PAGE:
The ability of the Indian central government to continue to hold the country together, against the desire of some north east border states seeking to secede
Some eight new states were split from existing states after Independence. There are other ethnic groups still fighting for recognition, such as Gorkhaland in northern West Bengal. Each split was justified on a case-by-case basis. But the more splits that are approved, the more other minorities clamour for autonomy. The worst case are the four recently-created border states seceded from Assam in the north east, including Arunachal Pradesh which is partly occupied by China since the 1962 border conflict. Many of the people in these states have closer resemblance to Tibetans and Chinese than to Indians.
The tension between some states, especially those on the borders as well as those where the Naxalite Marxists hold sway poses a serious problem to the central government.
The shaky relationship of India with Pakistan, especially over Kashmir, leading to indigenous Indian Muslim terrorist groups
Enough has been said and written about India, Pakistan and Kashmir. The worrying factor that has recently raised its ugly head is the emergence of an indigenous Indian Mujahedeen that is suspected of the July 2011 Mumbai bombings.
The success with which genuine democracy becomes accepted practice in India
There are at least two India’s: one that sits with its peers in the UN, Commonwealth of Nations, ASEAN and other international august bodies; the other very local and traditional and pseudo-feudal. Most villages and villagers, especially in the north of India, pay lip service to national and state laws. They practice, instead, age-old law of the village council, khap panchayat. Unelected village elders, often belonging to families of landlords and money-lenders dictate on matters as dispirit as marriages and land disputes. Khap leaders contend they provide cohesion and stability. Central government sees them as holding back modernity and progress. So-called honour killings for marriages or elopements that have not been approved is a case in point. And these often are caused by breaking of traditional caste rules, which themselves have been outlawed since 1947! Some khap panchayats have tried to ban women from having mobile phones as they see it is one way to be independent of the men-folk.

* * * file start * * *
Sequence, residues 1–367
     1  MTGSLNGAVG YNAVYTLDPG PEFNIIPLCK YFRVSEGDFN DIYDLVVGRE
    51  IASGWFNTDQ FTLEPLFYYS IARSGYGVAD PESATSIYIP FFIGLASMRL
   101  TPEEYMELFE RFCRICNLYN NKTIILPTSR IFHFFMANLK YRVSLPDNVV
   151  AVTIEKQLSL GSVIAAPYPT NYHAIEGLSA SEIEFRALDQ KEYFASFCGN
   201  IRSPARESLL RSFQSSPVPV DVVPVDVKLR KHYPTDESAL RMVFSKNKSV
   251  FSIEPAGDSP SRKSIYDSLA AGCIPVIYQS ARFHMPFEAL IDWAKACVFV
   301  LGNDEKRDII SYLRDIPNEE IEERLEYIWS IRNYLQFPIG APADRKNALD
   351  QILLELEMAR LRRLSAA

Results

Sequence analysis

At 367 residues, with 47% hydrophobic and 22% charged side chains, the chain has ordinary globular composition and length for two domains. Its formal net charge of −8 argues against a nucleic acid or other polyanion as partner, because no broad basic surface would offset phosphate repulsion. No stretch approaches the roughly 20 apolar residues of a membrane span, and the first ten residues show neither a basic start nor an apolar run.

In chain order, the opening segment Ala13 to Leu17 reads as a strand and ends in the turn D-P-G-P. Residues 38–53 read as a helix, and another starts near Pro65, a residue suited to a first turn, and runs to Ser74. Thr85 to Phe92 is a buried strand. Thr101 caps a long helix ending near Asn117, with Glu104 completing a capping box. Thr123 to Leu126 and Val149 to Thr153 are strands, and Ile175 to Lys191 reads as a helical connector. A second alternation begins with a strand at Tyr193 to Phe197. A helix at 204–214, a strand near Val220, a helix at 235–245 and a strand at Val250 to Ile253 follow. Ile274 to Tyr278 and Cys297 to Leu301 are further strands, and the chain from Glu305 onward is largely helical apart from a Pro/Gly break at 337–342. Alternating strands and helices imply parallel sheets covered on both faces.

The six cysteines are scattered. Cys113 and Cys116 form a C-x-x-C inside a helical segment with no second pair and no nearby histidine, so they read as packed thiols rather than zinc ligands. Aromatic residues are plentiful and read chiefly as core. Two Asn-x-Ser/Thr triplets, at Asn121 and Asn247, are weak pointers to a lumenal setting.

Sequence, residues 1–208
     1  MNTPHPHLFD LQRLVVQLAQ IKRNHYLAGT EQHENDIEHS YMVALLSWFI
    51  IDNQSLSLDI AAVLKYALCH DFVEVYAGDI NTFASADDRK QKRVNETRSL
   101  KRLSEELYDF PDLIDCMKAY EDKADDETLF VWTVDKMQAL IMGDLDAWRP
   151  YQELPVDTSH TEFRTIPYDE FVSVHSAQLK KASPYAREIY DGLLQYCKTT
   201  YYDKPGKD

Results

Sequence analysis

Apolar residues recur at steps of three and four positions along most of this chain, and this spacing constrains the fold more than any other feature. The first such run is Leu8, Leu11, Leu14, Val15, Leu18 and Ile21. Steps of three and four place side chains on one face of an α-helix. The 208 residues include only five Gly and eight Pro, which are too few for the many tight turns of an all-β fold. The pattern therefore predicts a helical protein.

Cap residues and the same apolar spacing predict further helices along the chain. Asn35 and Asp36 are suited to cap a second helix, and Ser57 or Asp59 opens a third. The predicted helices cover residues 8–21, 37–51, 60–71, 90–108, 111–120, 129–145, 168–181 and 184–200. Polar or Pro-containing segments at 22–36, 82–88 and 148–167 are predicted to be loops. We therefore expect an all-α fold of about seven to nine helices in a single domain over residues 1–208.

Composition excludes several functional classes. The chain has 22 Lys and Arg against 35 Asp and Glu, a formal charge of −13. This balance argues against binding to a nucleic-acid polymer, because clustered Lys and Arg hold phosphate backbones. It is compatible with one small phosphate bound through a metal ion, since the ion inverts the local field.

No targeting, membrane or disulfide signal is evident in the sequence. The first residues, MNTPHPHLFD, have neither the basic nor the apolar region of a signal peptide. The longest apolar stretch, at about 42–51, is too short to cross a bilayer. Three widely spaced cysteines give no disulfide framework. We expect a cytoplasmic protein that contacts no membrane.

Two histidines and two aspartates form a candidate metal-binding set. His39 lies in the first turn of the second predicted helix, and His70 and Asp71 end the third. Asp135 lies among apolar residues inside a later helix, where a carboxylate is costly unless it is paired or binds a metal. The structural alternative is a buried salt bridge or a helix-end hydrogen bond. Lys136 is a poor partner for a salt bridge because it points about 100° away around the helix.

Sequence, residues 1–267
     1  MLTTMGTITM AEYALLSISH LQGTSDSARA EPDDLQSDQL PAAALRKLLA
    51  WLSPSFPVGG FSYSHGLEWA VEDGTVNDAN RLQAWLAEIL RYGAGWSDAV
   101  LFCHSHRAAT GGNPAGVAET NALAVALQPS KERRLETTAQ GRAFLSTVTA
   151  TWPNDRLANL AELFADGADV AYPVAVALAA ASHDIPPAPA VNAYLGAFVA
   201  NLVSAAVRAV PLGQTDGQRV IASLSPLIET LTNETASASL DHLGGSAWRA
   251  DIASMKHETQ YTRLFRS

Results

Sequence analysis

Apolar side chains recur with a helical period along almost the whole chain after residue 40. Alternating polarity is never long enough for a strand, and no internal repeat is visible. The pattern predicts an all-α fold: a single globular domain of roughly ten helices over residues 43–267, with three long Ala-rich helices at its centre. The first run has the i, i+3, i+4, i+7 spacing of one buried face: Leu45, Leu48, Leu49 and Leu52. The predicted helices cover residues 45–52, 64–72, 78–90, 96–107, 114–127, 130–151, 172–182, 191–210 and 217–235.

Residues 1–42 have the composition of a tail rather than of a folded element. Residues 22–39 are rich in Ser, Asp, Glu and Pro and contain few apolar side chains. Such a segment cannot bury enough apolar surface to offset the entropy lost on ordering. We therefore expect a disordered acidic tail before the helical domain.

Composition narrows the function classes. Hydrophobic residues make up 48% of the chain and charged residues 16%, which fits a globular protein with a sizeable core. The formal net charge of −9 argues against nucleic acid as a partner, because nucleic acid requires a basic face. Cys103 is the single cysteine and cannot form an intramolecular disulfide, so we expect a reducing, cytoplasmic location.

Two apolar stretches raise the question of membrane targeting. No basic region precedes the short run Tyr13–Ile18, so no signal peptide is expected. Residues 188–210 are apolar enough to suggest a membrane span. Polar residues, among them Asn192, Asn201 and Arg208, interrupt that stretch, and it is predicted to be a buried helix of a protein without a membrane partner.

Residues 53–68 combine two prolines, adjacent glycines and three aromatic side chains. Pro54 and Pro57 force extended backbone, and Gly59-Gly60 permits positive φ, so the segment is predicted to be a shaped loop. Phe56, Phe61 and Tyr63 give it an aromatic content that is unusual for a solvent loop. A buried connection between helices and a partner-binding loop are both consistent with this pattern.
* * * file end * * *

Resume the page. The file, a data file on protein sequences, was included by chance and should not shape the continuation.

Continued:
Note: khap panchayats are self-established entities that seek to reinforce caste practices and are not to be confused with gram panchayats, set up by edict after Independence to foster village self-rule, a sub-division of district which is a sub-division of state.
Earlier, we pointed out that voting in many villages is often unanimous, directly by the elders. This partly because of the power of the elders and also because of low literacy which causes the farmers to look to the elders for direction. This phenomenon is separate from the issues of khap panchayat. Such is not real democracy.
Finally, the growing middle class if finally awakening to the fact that politicians use them and the urban wealth for resources but count on the villagers for power. So far this has led to grumbling in coffee shops. But sometime in the foreseeable future, the patience will break and politics will not be the same again in India.
- India Ink: What Mandate For India’s Congress Party? (india.blogs.nytimes.com)
- India’s state election results a blow to governing Congress Party (theglobeandmail.com)
- India Eyes Affirmative Action for Muslims (nytimes.com)
- Chinese Premier Wen urges political reform to avoid another Cultural Revolution (Xinhua)